Tuesday, May 8, 2012

Packed

Packed
"If your bike has couplers, or if you have a spendy bike case, or if you pay a shop to pack your bike, or if you have a folding bike, shipping a bike is still a pain in the ass for everyone involved."
That is what one of the wisest blog posts of all time has to say about mailing bikes, and I am sure they would apply the same to travel. Based on the stories I've heard about traveling with bicycles, it certainly seems to be more often a pain than not.

So I am going abroad again, and this time I'm taking a bike along. Never done this before and I'm getting really nervous! It almost feels as if I am doing something illegal by putting a bicycle in a suitcase. "Can I get away with it?" I find myself thinking as I glance over my shoulder furtively.

Well, I guess I am about to find out for myself how much of a pain it really is. Will write about it once I cross the Atlantic!

34 comments:

  1. Velouria, have a safe and wonderful trip and just enjoy everything! Jim Duncan

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  2. You might email the Winnipeg Cycle Chick... she traveled internationally (Well, Canada/US) with a mondo $$$ bike in a Thule case. She might have some guidance for you. And a couple of topical pics to go along with it... (http://winnipegcyclechick.com/wp-content/uploads/2012/03/DSCN4462.jpg).

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  3. I took my 80's Dahon folder with me to Hong Kong in a hard shell delsey suitcase a year ago. No problem whatsoever. It was great!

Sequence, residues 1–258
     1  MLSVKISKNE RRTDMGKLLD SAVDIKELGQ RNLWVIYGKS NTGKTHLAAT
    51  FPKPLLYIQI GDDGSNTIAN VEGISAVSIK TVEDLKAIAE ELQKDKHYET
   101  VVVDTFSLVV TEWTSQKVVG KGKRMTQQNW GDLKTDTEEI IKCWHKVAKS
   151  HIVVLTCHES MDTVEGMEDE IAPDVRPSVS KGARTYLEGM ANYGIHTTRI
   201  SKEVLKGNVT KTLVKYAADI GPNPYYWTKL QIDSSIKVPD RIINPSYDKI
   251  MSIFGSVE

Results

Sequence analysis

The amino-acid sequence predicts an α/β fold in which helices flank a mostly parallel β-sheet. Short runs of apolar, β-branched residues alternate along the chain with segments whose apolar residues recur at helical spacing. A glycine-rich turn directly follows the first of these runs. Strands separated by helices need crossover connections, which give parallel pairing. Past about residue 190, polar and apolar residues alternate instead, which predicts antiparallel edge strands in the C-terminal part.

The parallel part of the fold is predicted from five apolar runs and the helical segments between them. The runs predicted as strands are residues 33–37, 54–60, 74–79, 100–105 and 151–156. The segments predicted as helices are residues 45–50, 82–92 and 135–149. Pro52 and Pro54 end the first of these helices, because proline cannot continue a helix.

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  4. We're travelling to Austria this week to cycle to Hungary. I packed one bike last week. It was such a giant PITA--super-small women's frame just barely fit in a full sized case, fenders had to come off, racks had to come off, etc, etc, etc--that we immediately started looking for rental places :)

    Obviously this is not a solution for every kind of touring, but this is my second short European tour on rented bikes. I'm not even going to try taking a bike overseas in the future unless (a) the trip is all about travelling fast, (b) the trip is all about covering very large distances, or (c) the terrain is very challenging.

    For those cases, I'll take a bike I know really well. For the rest of the time? I'd have to be crazy :)

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    1. Enjoy your ride along the Danube, I love it there!

      I cannot imagine packing a full sized bike, even a small one, into a suitcase. I attempted to do this when returning to the US from Vienna in 2010. Even the frame alone did not fit into my enormous hardshell, let alone the wheels. Ended up mailing the frame to myself (for 20eur!) via the post office 1st class international mail, but would not recommend that method with a valuable frame : )

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    2. Yeah. The smaller of the two bikes got into the case, but I really didn't want to have to do that amount of re-assembly at a friend's place (beginning of the trip) or that much re-disassembly in a B&B (end of the trip).

      I've had no problems with European rental bikes being in poor repair, and the range of sizes is generally ok--though riders under about 5'3" tall may have *real* difficulties renting small enough bikes in the Netherlands, but I would like to ride my own. I may have to reevaluate my 'no more bikes' policy and consider a couple of folders...

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  5. Safe and exciting (in a good way :p) trips,and a safe return to you,my friend :)

    The DC

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  6. I have 17 or 18 trips with a Bike Friday and I still think it's better than having to rent something in bad repair or unfamiliar or doesn't fit. What I learned: Pair of gloves is nice. Assemble/break down on a table. Take a 15 mm wrench for the pedals. Protect the lights, saddle and big chain ring in transit. Weigh the suitcase before you get to the airport.